as if nothing happened, IIpublished: 2012-11-21
My son has been complaining about a stomach ache. I give in and tell him he can stay home from school, but he has to understand that I need to get some work done. Ironically, for a kid’s TV series. In fact, now that he’s here, I may as well ask him a few things. “If you had a zoo and there’s something you’d need to hide in a tank of sharks, what could that something be?”
“Money,” he says, “or a gold lion.”
I suppose there’s something universal to coins and the holy grail. Either that, or his idea of story has already been formed by what he’s seen and heard. Which leads to another question regarding Aristotle, but I’ll save that for another time. Holding the reins, as they say, is important in storytelling and I had started this little story wanting to make a different point. Namely: my son is very much aware that he’s not sick and shouldn’t actually be home. And so he sings and hums and reads and draws contently behind my back while I do some work.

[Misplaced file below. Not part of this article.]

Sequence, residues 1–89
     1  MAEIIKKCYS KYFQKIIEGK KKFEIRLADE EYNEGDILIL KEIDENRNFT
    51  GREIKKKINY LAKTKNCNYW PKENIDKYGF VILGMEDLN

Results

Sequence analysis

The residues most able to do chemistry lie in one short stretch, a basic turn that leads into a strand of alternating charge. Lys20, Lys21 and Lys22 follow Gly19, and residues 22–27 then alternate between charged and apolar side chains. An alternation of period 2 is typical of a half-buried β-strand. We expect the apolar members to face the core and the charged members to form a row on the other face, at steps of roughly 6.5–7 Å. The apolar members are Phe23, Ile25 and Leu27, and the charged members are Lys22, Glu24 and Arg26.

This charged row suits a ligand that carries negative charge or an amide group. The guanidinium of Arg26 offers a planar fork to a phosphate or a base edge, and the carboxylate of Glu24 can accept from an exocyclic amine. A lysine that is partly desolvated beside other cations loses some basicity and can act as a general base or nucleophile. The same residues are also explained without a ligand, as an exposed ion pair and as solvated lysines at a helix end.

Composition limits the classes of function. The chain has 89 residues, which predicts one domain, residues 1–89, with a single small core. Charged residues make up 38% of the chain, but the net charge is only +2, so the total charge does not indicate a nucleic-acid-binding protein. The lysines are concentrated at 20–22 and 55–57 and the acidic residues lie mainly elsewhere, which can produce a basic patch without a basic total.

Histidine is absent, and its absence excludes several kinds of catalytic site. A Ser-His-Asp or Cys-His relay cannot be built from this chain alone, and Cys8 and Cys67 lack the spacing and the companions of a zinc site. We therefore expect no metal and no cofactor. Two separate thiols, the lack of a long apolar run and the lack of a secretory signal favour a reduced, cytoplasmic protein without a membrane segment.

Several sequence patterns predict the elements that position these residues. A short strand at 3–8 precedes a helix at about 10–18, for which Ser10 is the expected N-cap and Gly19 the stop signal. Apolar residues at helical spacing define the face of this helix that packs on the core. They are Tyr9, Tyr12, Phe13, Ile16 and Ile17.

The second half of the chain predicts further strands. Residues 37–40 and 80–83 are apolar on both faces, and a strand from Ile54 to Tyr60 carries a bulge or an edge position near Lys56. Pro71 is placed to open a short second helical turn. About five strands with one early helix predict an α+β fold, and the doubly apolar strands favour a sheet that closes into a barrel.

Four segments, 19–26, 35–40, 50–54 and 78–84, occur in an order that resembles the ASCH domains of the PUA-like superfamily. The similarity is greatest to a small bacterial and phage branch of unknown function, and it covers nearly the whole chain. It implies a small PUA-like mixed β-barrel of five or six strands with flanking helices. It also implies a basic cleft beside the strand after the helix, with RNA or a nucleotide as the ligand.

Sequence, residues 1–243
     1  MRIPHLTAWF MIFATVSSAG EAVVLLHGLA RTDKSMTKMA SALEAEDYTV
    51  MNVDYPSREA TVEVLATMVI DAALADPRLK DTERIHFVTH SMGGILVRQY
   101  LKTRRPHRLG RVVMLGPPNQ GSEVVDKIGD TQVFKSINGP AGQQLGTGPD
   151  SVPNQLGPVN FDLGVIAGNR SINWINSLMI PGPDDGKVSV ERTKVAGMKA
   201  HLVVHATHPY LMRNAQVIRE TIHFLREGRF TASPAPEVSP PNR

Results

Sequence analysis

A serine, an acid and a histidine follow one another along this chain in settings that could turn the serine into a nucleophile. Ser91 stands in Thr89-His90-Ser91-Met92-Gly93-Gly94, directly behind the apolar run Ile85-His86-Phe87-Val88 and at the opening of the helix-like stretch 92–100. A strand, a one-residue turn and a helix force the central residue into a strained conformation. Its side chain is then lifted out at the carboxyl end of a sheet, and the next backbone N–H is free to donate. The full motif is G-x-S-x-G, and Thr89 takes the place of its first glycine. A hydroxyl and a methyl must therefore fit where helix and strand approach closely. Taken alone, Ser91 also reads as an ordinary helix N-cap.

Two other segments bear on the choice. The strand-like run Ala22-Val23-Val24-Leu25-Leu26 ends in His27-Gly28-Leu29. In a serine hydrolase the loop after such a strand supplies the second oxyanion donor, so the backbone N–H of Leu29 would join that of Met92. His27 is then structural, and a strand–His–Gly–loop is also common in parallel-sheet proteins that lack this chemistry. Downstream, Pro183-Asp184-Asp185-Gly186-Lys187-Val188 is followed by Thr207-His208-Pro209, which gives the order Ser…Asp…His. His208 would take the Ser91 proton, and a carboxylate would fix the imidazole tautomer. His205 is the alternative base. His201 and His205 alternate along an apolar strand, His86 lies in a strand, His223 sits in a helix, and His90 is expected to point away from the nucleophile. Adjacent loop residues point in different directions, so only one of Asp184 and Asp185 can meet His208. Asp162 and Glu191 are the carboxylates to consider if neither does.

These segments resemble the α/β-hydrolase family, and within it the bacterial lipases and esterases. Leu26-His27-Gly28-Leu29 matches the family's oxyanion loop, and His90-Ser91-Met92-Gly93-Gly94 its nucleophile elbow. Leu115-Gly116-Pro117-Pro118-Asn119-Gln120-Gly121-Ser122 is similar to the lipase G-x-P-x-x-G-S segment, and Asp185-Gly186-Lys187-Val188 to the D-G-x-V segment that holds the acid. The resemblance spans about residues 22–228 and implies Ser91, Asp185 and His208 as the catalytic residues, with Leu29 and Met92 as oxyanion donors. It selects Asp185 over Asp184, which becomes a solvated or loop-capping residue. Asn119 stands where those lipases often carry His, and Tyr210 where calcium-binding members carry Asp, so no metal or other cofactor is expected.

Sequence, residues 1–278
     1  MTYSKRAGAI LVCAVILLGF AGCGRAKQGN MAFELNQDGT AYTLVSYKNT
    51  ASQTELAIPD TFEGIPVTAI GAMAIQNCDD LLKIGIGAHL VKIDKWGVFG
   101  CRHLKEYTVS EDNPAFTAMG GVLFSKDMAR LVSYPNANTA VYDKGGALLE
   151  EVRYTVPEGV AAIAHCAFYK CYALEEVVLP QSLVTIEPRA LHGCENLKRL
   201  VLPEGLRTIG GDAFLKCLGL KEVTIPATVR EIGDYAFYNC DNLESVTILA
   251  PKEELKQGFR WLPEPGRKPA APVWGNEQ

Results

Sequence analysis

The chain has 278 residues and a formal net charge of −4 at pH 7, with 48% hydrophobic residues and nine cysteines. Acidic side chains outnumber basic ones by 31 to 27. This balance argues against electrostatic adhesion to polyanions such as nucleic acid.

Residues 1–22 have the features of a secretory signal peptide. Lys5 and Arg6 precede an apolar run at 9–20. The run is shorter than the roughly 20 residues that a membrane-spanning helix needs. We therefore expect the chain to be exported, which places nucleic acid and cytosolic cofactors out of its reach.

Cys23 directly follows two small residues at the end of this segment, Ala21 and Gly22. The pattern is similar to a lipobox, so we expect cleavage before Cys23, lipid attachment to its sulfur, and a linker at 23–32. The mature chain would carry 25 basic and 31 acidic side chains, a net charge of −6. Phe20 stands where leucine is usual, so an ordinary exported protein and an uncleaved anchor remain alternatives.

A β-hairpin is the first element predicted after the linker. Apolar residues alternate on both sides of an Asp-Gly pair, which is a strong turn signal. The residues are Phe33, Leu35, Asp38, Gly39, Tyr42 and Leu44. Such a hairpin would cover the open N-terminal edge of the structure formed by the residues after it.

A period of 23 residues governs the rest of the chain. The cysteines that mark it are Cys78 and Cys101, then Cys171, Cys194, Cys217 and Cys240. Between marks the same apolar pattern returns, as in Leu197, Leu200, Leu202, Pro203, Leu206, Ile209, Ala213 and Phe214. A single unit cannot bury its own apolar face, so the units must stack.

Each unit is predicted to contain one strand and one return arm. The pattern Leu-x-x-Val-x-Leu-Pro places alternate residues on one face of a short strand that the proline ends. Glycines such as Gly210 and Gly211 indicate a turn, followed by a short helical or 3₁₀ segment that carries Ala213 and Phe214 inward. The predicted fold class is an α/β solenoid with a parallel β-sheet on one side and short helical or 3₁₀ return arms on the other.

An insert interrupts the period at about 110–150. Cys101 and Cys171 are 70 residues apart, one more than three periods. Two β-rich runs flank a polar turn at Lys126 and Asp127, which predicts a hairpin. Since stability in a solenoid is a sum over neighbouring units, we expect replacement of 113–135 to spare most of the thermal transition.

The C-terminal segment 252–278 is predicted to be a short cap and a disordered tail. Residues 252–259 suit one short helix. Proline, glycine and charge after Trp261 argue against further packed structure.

When I next get up to make us some lemonade, he casually points at a drawing on the floor.
“I made that for you.”
He’s dancing now and singing a Santa song. I pick it up, sit down with the drawing and say: “that’s a really lovely drawing. It makes me a lttle bit sad.”
“I wish I could turn back time,” he says lightheartedly, “then the three of us would still live in the same house.”
He skips around some more and then suddenly stops, “BUT we wouldn’t have Door (the cat) then yet, and we wouldn’t know Levi (his new friend).”
If I had a zoo, I’d lock the power to turn back time up in a treasure box and hide it in a tank of sharks.